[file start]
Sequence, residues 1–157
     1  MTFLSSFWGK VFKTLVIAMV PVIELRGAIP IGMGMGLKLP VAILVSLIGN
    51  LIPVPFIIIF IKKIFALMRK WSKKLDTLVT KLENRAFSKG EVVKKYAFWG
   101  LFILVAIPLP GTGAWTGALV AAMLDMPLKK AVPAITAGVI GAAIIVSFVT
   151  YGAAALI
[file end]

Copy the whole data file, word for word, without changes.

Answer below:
Sequence, residues 1–157
     1  MTFLSSFWGK VFKTLVIAMV PVIELRGAIP IGMGMGLKLP VAILVSLIGN
    51  LIPVPFIIIF IKKIFALMRK WSKKLDTLVT KLENRAFSKG EVVKKYAFWG
   101  LFILVAIPLP GTGAWTGALV AAMLDMPLKK AVPAITAGVI GAAIIVSFVT
   151  YGAAALI